Dumpster Diving in Your Dealership

When we do a dealer F&I compliance audit, one of the things we do is to go dumpster diving, or at least “trash can rummaging.” That’s because there seem to be an awful lot of dealers out there who haven’t yet gotten the word that we have laws protecting the privacy of their customers.

A January 20, 2010 release from the Federal Trade Commission shows just how much mischief a dealer can get into by just emptying the trash, and illustrates the FTC’s enforcement interest in careless disposal practices.

A mortgage broker (don’t quit reading – these laws apply to car dealers, too, and in much the same way) who discarded consumers’ personal financial records in a publicly-accessible dumpster paid a $35,000 civil penalty to settle Federal Trade Commission charges. Ouch.

According to an FTC complaint filed in December 2008, the defendant improperly tossed out about 40 boxes of sensitive consumer records collected by companies he had owned. The documents included tax returns, mortgage applications, bank statements, photocopies of credit cards and drivers’ licenses, and at least 230 credit reports. On top of that, two mortgage brokerage companies he previously owned failed to provide reasonable and appropriate security for sensitive consumer information, despite promises that they would do so.??The FTC charged the defendant with failing to take reasonable measures to protect credit report information from unauthorized access during its disposal, in violation of the Fair Credit Reporting Act and the FTC’s Disposal Rule. The complaint also charged him with violating the FTC Act, based on his companies’ misrepresentations about their data security practices.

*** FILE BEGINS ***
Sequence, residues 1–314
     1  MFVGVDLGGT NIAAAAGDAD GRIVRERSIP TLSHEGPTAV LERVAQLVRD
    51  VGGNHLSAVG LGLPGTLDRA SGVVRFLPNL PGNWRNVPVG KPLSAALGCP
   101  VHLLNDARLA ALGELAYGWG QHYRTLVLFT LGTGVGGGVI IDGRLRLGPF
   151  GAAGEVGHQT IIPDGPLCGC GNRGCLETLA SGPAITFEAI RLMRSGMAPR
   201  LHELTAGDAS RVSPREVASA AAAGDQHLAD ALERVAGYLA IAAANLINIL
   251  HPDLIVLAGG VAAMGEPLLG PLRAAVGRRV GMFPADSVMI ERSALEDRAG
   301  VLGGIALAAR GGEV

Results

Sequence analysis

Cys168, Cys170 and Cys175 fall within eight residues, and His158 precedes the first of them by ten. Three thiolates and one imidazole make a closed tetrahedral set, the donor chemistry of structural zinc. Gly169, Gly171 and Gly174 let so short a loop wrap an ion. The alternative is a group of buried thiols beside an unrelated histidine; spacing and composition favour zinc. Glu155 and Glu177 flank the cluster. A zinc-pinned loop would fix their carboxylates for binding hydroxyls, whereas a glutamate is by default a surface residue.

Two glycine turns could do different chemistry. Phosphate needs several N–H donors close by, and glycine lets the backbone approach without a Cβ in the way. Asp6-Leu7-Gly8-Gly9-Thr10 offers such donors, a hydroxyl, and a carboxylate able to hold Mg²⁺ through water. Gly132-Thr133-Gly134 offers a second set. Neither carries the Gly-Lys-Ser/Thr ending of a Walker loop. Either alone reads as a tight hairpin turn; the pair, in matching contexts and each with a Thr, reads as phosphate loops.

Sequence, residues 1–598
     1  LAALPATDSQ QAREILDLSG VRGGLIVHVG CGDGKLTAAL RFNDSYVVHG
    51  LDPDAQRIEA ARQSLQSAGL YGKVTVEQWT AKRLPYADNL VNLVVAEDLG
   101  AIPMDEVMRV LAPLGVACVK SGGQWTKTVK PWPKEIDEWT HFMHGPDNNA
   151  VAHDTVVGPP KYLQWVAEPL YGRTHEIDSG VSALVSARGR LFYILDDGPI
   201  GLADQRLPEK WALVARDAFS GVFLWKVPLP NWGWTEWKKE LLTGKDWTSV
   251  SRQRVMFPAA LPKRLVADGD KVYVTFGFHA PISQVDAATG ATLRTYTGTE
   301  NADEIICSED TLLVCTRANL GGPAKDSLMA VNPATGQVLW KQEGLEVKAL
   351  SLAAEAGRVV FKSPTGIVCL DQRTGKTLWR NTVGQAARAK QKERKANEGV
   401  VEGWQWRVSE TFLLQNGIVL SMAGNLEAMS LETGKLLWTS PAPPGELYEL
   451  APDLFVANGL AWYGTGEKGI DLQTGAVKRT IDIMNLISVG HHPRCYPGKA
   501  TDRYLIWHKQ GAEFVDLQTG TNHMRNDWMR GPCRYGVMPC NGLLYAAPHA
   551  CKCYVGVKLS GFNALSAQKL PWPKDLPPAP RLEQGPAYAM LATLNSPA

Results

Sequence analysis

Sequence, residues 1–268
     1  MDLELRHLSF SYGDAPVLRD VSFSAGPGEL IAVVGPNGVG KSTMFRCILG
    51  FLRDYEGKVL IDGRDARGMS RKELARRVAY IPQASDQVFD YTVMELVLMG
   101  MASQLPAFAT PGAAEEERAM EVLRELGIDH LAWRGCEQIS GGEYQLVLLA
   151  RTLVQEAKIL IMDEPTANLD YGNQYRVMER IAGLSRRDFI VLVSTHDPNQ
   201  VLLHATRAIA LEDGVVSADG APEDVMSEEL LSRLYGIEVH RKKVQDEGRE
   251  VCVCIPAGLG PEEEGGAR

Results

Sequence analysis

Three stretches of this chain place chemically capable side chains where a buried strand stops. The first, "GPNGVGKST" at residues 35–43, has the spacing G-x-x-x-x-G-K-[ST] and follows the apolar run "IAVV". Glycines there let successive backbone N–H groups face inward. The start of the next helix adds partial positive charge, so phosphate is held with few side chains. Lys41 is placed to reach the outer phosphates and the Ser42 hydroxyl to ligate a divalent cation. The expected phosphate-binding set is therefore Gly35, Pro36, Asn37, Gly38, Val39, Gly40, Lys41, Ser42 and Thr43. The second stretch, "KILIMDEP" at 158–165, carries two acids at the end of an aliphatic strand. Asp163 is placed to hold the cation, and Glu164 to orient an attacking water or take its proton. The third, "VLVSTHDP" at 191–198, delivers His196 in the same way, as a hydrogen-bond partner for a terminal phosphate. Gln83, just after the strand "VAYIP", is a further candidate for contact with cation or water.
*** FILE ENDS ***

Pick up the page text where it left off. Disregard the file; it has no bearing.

The settlement order also bars the defendant from misrepresenting measures taken to protect sensitive consumer information and failing to take reasonable measures to protect credit report information during its disposal. The order also requires him to employ a comprehensive information security program for sensitive consumer information, and to hire an independent, third-party security professional to review the program every year for 10 years to ensure that it meets or exceeds the order’s requirements.

I’ll make you a bet. Go out back to the dumpster right now and check what your employees are throwing away. I’ll bet that you will find customer information protected by either state or federal privacy laws. If you do, or even if you don’t but were afraid you would, use this mortgage broker’s story as a teachable moment to get your staff focused on their duties under the privacy laws.

The defendant’s total tab for this mess will include the $35,000 for the FTC’s cash register, his own lawyer’s fees (say, $25,000), and 10 years’ worth of fees to the third-party security company (who knows what this number would be, but even at $5,000 per year, that would be $50,000). It’s just a guess, you understand, but I suspect you have some better places to put something north of $100,000.

Vol. 7, Issue 3